Russel Hall

Middle School Empowerment: 5 Ways Schools Can Better Serve Students

By Maureen Leming

When you’re a Middle School student, so many things can feel out of your control: from heightened emotions; to physical, mental, and social changes; to increasingly intensive academic responsibilities, and more.

It’s a time in life that can be overwhelming – yet it’s also a time of great growth and personal expansion. So how can schools better empower Middle School students to make the most of these “middle” years between elementary and high school?

At The Hun School of Princeton, we believe empowering Middle School students requires a holistic approach that combines academic, social, and emotional support. Schools need to have systems in place that enable students to advocate for themselves and manage the changes they’re experiencing.

Here are some of the practices we implement to foster an environment that nurtures confidence, independence, and self-awareness in our Middle School students:

#1: A community focused on positive psychology, contemporary wellness initiatives, and balance

Middle School students do well when rigorous academics are balanced with a joyful environment. At Hun, we do this by combining a traditional preparatory curriculum with exciting hands-on, project-based learning to make each day a journey of intellectual adventure and personal growth.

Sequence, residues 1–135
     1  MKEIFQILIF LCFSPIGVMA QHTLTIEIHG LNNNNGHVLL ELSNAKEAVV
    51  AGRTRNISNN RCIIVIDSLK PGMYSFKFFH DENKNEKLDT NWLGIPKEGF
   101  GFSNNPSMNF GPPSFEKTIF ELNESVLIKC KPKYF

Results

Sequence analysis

Beyond traditional academics, Hun also offers classes on crucial concepts like time management and study skills. One example is Study Strategies, a mandatory sixth-grade course in which students not only learn study tactics but also how to advocate for themselves and speak up when they have questions. (The course is such a hit, we also offer it as an eight-week after-school course for seventh and eighth graders who want a refresher!)

#2: Leadership opportunities that supplement academic and personal growth

Beyond the classroom, middle school is a period of personal development. Providing students with opportunities to take on leadership roles helps them develop essential skills such as decision-making, problem-solving, critical thinking, accountability, and collaboration.

Hun offers a plethora of student leadership opportunities, such as Middle School Student Government and the All-School Debate. Three times per year, Hun Middle Schoolers spend a week learning how to debate and participate in debate activities. These types of opportunities ignite a sense of accomplishment, helping students to build confidence and gain experience in fulfilling commitments.

#3: Personalized, student-led learning

Student-led learning is one of the most empowering ways to seat middle school students at the forefront of their own educational experience. It pushes students to be innovative, creative, open-minded, and logical.

The small class sizes and one-on-one educational opportunities at Hun encourage personalized, student-led learning. We employ a problem-based learning methodology that offers opportunities for our students to collaborate with each other in a hands-on, active way. Problem-based learning, also known as PBL, has been proven to encourage kids to take initiative and responsibility for their own learning, which helps them to develop skills that will benefit them into adulthood.